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In the News: Promising treatments for APD

Auditory Processing Disorder (APD) is the most neglected and under diagnosed area of hearing services in NZ according to Dr Bill Keith, audiologist of specialist APD clinic SoundSkills. Under diagnosis is compounded by false reassurance to conscientious parents who seek a hearing test for their child with hearing difficulties only to be told “her hearing is fine”.

Basic hearing assessment tests the peripheral auditory system but not the central pathways and hearing centres of the brain that may be involved in APD. Specialised audiological tests are required. There are APD screening tools and tests that can be used on children from about age four. It’s a myth that APD tests can only be carried out from age seven.

Unrecognised APD is sometimes misdiagnosed as dyslexia. Sometimes the two conditions go together. In fact 39 per cent of children with dyslexia have an observed auditory deficit (Ramus, 2003).

Thanks to the neuroplasticity of the brain, APD is more treatable than sensory hearing losses. SoundSkills uses a combination of therapy and assistive listening devices for optimal results. Auditory skills training helps people to better discriminate sounds and to hear better in the presence of competing sounds. Phonological awareness training and language therapy address the deficits commonly seen from years of not having heard properly. And use of personal FM systems in class enable children to finally hear the teacher.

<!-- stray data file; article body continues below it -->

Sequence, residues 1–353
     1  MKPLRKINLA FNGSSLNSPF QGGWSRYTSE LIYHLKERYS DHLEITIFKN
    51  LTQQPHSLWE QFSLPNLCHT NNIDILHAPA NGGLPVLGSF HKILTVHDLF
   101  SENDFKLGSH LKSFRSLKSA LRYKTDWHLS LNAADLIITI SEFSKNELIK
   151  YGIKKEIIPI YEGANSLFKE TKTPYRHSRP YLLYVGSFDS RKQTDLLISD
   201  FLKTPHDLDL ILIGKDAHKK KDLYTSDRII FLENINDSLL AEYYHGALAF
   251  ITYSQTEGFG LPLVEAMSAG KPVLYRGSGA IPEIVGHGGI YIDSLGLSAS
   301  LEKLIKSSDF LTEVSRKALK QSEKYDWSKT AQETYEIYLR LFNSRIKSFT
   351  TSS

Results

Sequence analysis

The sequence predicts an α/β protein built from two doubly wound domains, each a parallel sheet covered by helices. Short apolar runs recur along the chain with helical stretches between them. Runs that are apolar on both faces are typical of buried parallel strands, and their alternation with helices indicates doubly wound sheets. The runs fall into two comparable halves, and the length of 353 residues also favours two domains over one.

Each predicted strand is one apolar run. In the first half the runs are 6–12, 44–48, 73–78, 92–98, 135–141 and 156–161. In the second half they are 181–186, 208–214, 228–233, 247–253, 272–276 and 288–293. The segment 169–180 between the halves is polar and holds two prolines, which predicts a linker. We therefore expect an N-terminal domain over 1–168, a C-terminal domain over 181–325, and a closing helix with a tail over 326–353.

Says Bill Keith, "one of the most exciting recent research findings is that, over time, use of a personal FM system by a child with APD can actually improve the child’s ability to hear. In many cases there’s a double benefit, an immediate assistive effect and a longer term therapeutic effect".

Article from Eduvac - The Education Weekly

By Shona Cox
Eduvac News - The Education Weekly